Austin Rattler 66k April 10, 2016

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Terrible place to spend the weekend
I’m starting this blog post at 9:30am on Saturday, 4/9, sitting on a small United jet, waiting on the mechanics to give the greenlight for the second leg of my short trip to Austin. Sitting on the LAX tarmac in an early aisle seat, I’ve got a mom and her really well behaved son to my right, and a guy that fits the bill for Austin native to my left… suede boots, pink socks, funky wool coat, long hair and a solid beard game. Sorry Austinities reading this post, but this is exactly how I envision you, albeit he’s missing the guitar.
So, why the hell am I on my way out to Austin on a Saturday morning for a trip lasting just a hair over 24 hours?
The Austin Rattler 66k is owned and operated by Lifetime Fitness. Yes, the same Lifetime Fitness that builds exercise equipment, and also the same Lifetime Fitness that purchased the Leadville 100 a couple years ago. The Leadville 100 is the third race within each summer’s Grand Slam series. Western States, Vermont, Leadville and Wasatch are four of the oldest 100 miles in the US, and they occur within 12 weeks of each other starting in late June, and running through early September. Runners that can actually get in, which is seemingly more difficult these days than running the events, and then subsequently finish these four races over 12 weeks, have officially finished the Grand Slam.
Not expecting much heading up to Auburn in December, I was shocked to have my name pulled for Western States. Planning on a fall 100, I also decided to put my name in the hat for Wasatch in September, as this mountain range in Utah is absolutely breathtaking. Considering my lack of luck as it relates to lotteries (no WS in 2014 or 2015, no Lake Sonoma 50 in 2015 and no Leadville 100 in 2015), I threw my best Hail Mary towards the lottery gods in 2016. Not sure if this was luck or the lottery gods laughing at me for thinking I could tackle these two difficult races, but my name was pulled for Wasatch in addition to Western States.
As I started working through the WS training plan that Thomas developed, mileage began ramping up in late February and March. On a long Saturday training run preparing for Way Too Cool, I ran into Erik Dube on the trails and we started talking about summer plans. Erik will be racing Angeles Crest 100 in the fall for the first time. With multiple 100’s behind him and his ability to tackle difficult races in heat, I think he’ll do great in September.
We were talking about WS and Wasatch as Erik has tons of experience on the trail from Squaw to Auburn (6 finishes in sub 24 hours). Jokingly Erik says, “Hey, you should race the Grand Slam.” Knowing there were four races that comprised the event, thanks little league, I had no idea what four races made up the event. “You’ve already got 2 locked up!” Ok, so WS and Wasatch are two of the four. Thinking that Angeles Crest was another, I shouted back “Well, there’s no way to get into the Slam as AC 100 sold out in less than an hour.” I probably should’ve just taken Erik’s word, considering he has damn near more 100 mile finishes than all the ultra’s I’ve ever completed, “AC isn’t one of them.”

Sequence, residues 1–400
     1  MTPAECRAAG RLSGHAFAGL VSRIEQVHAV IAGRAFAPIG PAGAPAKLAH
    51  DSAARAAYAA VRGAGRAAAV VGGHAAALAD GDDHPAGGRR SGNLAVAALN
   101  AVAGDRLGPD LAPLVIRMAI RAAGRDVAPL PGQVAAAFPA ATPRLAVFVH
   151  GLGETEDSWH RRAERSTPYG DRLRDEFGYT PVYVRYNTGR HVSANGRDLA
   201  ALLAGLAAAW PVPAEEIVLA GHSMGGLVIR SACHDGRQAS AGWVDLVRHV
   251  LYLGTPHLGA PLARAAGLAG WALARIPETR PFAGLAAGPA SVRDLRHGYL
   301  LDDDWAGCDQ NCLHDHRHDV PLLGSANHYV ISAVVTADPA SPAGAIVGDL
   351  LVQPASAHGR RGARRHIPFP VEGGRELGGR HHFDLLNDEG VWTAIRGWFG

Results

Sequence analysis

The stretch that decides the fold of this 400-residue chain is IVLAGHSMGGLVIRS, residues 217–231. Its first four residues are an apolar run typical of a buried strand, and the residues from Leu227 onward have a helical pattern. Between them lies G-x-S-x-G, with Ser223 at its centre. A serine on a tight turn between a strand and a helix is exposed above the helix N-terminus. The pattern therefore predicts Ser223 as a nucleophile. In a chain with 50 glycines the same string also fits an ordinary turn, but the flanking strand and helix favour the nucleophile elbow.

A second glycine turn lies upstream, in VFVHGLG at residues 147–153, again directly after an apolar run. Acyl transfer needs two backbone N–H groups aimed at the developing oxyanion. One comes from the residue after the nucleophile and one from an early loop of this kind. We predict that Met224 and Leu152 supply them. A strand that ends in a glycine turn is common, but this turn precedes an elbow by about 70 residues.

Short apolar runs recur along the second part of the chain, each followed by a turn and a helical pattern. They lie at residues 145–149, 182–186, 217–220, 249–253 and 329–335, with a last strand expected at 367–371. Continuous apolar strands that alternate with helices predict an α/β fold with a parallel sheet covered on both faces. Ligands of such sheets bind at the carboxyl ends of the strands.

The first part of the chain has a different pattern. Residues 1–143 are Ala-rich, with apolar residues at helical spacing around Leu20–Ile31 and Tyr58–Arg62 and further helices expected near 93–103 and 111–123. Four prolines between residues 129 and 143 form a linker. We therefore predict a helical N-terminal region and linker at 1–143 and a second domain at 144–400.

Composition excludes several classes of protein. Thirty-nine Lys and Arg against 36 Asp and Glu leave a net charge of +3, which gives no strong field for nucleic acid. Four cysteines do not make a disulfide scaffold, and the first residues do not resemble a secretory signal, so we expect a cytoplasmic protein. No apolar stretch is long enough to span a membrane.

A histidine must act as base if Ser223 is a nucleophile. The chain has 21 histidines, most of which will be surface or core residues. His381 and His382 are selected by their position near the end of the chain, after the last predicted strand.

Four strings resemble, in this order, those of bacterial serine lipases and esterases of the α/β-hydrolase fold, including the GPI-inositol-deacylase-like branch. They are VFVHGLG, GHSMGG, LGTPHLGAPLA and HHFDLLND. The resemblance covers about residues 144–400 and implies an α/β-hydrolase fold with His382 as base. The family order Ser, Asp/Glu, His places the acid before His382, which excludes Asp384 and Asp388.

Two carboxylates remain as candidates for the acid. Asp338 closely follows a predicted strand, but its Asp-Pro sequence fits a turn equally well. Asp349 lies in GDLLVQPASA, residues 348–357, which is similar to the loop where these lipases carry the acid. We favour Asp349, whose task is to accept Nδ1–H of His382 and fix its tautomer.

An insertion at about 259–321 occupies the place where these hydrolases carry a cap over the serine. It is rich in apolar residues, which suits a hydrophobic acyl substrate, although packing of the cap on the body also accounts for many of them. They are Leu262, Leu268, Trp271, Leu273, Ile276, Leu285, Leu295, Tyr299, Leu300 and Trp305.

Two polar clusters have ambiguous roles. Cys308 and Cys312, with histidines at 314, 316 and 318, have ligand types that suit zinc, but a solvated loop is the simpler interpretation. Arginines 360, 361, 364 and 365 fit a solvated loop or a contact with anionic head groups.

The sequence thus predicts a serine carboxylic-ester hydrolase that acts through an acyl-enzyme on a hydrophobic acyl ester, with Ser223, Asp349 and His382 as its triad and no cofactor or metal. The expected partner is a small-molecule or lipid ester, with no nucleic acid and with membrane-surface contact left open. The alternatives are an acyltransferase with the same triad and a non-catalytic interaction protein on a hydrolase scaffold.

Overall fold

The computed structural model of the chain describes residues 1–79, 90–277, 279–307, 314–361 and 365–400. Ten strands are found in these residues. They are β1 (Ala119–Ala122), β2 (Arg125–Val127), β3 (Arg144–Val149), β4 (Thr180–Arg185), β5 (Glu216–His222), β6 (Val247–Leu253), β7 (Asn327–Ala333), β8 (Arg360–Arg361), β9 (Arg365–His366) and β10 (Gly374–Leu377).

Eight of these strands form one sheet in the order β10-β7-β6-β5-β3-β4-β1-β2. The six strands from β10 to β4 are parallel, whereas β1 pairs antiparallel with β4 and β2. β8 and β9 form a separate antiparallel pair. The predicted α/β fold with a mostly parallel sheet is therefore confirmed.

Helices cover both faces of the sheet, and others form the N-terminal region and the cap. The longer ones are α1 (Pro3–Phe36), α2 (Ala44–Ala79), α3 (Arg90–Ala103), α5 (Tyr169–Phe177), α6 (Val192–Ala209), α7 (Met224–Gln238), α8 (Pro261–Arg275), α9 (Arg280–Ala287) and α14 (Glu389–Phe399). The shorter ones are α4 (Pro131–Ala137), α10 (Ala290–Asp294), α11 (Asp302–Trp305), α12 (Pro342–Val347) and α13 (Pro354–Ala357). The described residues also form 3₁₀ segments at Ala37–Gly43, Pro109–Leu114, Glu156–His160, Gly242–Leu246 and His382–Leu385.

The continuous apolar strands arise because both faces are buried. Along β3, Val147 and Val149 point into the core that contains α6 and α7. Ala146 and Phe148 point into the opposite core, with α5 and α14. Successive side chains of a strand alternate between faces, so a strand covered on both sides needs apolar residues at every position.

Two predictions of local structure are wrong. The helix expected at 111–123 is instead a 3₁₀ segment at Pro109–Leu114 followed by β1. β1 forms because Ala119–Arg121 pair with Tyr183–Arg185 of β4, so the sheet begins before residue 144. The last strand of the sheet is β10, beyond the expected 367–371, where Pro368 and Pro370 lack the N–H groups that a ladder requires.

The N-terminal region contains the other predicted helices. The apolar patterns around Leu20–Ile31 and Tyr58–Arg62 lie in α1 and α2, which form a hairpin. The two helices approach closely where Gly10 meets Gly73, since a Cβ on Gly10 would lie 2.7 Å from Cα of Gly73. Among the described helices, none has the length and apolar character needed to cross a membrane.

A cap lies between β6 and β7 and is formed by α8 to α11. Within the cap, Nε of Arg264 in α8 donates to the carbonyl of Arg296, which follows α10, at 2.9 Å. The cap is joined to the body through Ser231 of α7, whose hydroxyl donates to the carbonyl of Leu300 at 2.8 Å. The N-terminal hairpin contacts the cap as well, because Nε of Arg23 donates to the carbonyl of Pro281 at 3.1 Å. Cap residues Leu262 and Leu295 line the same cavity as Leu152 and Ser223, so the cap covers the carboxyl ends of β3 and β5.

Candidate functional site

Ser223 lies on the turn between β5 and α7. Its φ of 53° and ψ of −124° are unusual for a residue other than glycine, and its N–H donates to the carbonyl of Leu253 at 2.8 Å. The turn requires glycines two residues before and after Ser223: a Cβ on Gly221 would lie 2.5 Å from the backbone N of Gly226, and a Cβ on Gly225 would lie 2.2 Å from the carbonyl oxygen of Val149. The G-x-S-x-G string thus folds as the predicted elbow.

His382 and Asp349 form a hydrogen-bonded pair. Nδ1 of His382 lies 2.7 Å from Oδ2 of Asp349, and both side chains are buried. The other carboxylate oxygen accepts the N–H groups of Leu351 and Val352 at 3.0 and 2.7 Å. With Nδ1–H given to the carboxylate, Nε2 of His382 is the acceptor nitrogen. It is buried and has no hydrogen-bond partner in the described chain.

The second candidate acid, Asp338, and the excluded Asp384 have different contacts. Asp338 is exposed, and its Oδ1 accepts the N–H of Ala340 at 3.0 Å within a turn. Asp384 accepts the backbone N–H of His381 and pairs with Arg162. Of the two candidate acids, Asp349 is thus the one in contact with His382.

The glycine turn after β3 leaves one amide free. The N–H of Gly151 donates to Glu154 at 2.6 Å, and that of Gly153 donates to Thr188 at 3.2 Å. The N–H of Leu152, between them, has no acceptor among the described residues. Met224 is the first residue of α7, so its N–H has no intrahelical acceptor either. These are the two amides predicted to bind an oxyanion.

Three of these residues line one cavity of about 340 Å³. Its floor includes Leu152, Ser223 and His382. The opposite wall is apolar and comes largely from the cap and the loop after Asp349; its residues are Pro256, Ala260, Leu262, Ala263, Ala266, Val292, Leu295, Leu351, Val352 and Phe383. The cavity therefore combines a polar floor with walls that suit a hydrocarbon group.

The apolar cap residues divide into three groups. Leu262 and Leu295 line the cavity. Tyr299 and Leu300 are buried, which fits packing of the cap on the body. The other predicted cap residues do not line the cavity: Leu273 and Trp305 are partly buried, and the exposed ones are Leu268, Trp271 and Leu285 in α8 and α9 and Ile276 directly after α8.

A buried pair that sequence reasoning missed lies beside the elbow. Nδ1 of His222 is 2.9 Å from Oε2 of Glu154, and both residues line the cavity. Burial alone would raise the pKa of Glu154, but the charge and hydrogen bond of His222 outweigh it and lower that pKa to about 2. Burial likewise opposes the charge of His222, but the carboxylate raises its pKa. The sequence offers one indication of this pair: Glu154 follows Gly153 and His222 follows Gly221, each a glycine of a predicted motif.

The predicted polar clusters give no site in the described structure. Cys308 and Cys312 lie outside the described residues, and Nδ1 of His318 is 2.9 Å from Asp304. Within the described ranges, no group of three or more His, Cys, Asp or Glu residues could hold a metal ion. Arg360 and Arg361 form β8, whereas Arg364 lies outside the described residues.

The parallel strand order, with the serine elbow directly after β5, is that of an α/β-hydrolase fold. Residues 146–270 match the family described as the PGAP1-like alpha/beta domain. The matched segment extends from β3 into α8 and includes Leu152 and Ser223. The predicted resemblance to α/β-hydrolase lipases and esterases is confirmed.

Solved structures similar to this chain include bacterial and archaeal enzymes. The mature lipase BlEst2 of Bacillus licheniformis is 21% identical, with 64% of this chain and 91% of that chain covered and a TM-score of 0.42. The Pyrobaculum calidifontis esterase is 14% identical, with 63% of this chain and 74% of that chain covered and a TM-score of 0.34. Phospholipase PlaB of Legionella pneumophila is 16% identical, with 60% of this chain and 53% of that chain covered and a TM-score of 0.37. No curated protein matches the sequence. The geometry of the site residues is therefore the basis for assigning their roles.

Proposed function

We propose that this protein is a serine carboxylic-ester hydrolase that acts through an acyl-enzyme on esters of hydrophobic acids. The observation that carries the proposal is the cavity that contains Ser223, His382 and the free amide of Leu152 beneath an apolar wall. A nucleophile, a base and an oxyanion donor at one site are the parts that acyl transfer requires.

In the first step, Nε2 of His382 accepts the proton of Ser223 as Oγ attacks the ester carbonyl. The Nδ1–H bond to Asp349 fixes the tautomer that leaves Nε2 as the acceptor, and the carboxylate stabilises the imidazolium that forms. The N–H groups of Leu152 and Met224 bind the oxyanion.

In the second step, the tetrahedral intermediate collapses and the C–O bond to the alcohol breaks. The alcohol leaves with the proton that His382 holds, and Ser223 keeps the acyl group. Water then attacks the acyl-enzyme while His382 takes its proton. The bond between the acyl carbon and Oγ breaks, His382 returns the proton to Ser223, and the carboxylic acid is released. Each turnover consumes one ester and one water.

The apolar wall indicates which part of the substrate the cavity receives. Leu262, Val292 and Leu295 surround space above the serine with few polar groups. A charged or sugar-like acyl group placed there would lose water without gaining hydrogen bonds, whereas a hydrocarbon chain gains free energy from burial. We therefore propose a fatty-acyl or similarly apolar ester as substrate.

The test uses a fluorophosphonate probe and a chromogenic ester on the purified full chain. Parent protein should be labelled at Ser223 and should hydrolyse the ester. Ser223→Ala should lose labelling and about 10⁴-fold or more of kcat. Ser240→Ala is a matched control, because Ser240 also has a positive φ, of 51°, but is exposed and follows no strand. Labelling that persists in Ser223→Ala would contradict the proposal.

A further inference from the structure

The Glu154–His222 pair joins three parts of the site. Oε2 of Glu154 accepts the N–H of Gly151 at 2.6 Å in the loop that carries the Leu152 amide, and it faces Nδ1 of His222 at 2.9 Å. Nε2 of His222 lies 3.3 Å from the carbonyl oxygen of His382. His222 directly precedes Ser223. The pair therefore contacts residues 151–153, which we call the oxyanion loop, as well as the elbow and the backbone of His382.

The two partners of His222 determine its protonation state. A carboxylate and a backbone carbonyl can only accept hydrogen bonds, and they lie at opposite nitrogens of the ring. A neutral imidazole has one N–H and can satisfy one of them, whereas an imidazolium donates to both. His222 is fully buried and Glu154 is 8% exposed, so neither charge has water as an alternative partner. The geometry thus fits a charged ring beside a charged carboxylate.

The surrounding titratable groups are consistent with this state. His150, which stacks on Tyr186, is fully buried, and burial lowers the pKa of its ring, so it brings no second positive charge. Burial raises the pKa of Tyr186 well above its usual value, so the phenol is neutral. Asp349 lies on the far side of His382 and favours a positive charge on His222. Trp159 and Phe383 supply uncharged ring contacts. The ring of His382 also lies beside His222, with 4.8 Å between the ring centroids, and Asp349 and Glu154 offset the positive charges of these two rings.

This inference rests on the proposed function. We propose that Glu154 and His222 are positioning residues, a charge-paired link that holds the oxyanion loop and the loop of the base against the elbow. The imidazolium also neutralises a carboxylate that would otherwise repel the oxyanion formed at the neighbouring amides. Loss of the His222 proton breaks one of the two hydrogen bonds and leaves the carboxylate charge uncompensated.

“So, what other races make up the Grand Slam?”
Erik shared that Vermont and Leadville were the two others, and that WS and Wasatch were the two most difficult of the four to get into. Thanking him for the info, considering I’ve hounded Erik for ultra knowledge over the years, I didn’t think much of the conversation as training began to ramp up.
Following the next day’s run, I jumped online to quickly research the Grand Slam. Since Tom Green initially finished all four races in 1986 (Old Dominion, Western States, Leadville and Wasatch), there have been 280 others that have completed these four storied 100 milers in the same year (Old Dominion was replaced with Vermont several years later, and is now considered part of the Slam).
Thinking how damn difficult it is to get into Western States and Wasatch, especially in the same year, I took a quick look at the registration information for Vermont and Leadville. Unfortunately, both races were full and Vermont was the only race with a waiting list. Since you’re not on the hook for payment until your accepted and confirm waiting list registration, I threw my name onto Vermont’s waiting list not thinking too much about it. At the same time, I also emailed the race director to ask what my chances looked like to clear the list.
Looking at Leadville’s website a few days later, I learned that Lifetime Fitness has several other events within their yearly lineup of races. There is a Leadville marathon, the Silver Rush 50 miler, multiple mountain bike races, and an interesting distance of a 66k in Austin. Seemingly to increase involvement with their other races, Lifetime decided to attach a finite amount of Leadville 100 qualifying registration slots to each of the races above.
With training for Western States taking precedent over all other summer races, I started looking at the viability of entering one of these Leadville qualifiers. The Leadville marathon unfortunately didn’t fit into the calendar, and neither did the Silver Rush 50 miler. Interestingly, this 66k in Austin was only one week before the Leona Divide 50.
Ramping up for Western States, Thomas thought it would be a good idea to start with a runnable 50k early in the season, and then follow it up with a runnable 50 miler a couple months before the big dance. Leona Divide fit in perfectly with training, so we planned to ramp back up after Way Too Cool, and essentially “train through” Leona Divide. Training through a race essentially means continuing training leading up to and through a race,  and not building in a significant taper/recovery plan. The initial goal was to run LD conservatively for the first half, and then significantly increase pace until I was racing all out over the last third. Looking at the option of racing the Austin Rattler as a Leadville qualifier, but knowing that it would be 10 miles less than Leona, and with absolutely no course knowledge, I decided to check-in with Thomas and get his thoughts.